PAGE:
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Low CD4 count important risk factor for oral HPV infection in patients with HIV
Michael Carter, 2015-02-23 08:50:00

A low CD4 count is the single most important risk factor for oral human papillomavirus (HPV) infection in HIV-positive patients, investigators from the United States report in the online edition of the Journal of Infectious Diseases.

The risk of oral HPV was increased four-fold for individuals with a CD4 count below 200 cells/mm3 compared to patients with CD4 counts above 500 cells/mm3. Risk factors in HIV-negative patients included a high number of sexual partners and smoking tobacco and marijuana.

“Our findings suggest there may be distinct risk factors involved with oral HPV in HIV-positive as compared to HIV-negative patients,” comment the investigators.

Rates of HPV-associated cancers of the mouth and throat are increasing in both HIV-positive and HIV-negative patients. However, it is unclear if risk factors for oral HPV infection and pre-cancerous lesions differ according to HIV infection status.

Investigators therefore designed a prospective, cross-sectional study involving disadvantaged patients seeking routine dental care in the Bronx, New York and Newark, New Jersey. Recruitment took place between 2008 and 2013, and the total study population comprised 161 HIV-infected and 128 HIV-negative individuals.

All patients were screened for oral HPV infection. A visual examination was also conducted to identify oral lesions, and those looking suspicious were biopsied. All participants were interviewed about their sexual behaviour and histories, use of tobacco, alcohol, marijuana and other drugs, and the medical records of the HIV-positive patients were checked to determine CD4 count.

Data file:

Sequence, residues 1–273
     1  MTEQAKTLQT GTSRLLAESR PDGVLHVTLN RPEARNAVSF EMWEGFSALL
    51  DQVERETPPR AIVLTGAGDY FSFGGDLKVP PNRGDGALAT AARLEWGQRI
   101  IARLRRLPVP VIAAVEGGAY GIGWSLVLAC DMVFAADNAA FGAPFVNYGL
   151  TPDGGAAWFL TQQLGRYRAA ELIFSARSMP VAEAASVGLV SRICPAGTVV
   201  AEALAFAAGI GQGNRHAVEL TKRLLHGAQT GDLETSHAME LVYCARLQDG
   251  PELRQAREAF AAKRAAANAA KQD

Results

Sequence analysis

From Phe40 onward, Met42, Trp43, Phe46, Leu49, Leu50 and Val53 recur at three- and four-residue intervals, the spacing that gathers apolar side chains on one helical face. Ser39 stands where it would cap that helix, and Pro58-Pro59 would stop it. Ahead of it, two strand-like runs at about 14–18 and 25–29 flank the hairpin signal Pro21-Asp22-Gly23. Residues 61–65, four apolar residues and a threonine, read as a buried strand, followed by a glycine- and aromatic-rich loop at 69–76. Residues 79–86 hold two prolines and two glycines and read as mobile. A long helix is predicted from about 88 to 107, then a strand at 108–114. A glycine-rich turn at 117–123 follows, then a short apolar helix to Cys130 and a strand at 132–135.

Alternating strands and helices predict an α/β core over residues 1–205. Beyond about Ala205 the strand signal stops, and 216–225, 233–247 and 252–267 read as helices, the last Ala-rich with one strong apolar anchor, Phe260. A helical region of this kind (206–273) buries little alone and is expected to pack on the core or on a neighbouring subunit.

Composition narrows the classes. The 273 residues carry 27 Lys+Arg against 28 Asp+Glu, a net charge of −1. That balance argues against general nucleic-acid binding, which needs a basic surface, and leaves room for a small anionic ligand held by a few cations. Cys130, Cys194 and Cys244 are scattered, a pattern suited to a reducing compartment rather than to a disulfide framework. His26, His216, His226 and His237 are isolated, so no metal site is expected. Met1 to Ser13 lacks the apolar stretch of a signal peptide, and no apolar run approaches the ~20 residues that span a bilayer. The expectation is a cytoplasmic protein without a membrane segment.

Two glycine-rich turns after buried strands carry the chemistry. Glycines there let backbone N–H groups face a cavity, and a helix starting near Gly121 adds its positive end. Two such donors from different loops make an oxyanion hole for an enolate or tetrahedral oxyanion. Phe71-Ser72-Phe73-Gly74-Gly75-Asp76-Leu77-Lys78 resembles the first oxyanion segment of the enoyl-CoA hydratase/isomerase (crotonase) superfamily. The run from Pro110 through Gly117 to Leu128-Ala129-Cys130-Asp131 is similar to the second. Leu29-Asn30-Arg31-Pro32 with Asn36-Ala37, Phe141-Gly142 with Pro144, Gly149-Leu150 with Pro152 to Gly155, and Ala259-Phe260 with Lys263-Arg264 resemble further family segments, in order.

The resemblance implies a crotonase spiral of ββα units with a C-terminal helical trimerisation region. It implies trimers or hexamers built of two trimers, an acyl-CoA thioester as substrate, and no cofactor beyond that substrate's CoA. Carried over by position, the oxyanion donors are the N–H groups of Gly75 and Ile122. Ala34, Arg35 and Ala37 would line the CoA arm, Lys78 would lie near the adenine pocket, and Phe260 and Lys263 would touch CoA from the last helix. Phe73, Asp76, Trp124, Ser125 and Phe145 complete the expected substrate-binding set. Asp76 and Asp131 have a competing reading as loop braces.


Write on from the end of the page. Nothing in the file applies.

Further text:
Half the patients were African American and the mean age was 51 years.

Oral HPV infection was detected in 32% of HIV-positive patients and 16% of HIV-negative individuals. High-risk HPV types associated with the development of cancerous cell changes were also more prevalent in patients with HIV (8% vs 2%, p = 0.0049). Infection with multiple HPV types was detected in 13% of patients with HIV compared to 7% of HIV-uninfected patients.

The risk factors for oral HPV differed according to HIV infection status. For HIV-negative participants, significant associations were found with higher numbers of sexual partners (21 or more vs. five or fewer = OR, 9.1; 95% CI< 1.7-49.3), heavy tobacco use (20 or more pack-years vs. none; OR 9.2; 95% CI, 4.5-15.5) and smoking marijuana (OR = 4.0; 95% 1.13-12.4).

But for patients with HIV, a low CD4 cell count had the strongest association with oral HPV (below 200 cells/mm3 vs. 500 cells/mm3 = OR 4.5%; 95% CI, 1.3-15.5).

HIV-positive men-who-have sex with men (MSM) and women-who-have-sex-with women (WSW) were more likely to have oral HPV than heterosexual HIV-infected patients. But any association with increased risk of oral HPV ceased to be statistically significant after taking into account CD4 count.

Of the patients with oral lesions, 15% had potentially pre-cancerous lesions. In HIV-negative patients, high-risk HPV types were detected more often in patients with potentially cancerous lesions compared to non-lesion patients (OR = 21.3; 95% CI, 1.12-367). However in patients with HIV, no association was found between concurrent detection of potentially cancerous lesions and high-risk (OR = 0.8; 95% CI, 0.1-3.9) or low-risk (OR = 0.9; 95% CI, 0.2-3.6) HPV types.

Regardless of HPV infection status, the most frequent HPV type detected in patients with benign and pre-cancerous lesions was HPV32/42.

The investigators note “HPV32 has been shown…to evade the immune system by actively suppressing inflammatory responses in adjacent underlying tissues.”

Several limitations are acknowledged by the authors. These include the small sample size, the cross-sectional design and the use of visual examination to diagnose lesions. They therefore caution, “the role of oral HPV in progression to oral cancer in HIV-positive and negative populations remains unclear.”

Nevertheless, they conclude, “immune status appears to have a strong effect on oral HPV infection in HIV-positive individuals, which might mitigate the association with sexual risk factors. However, the high burden of oral HPV in both HIV-positive and negative individuals suggest that the mouth may be a reservoir of subclinical HPV infection with potential contribution to future oral disease.”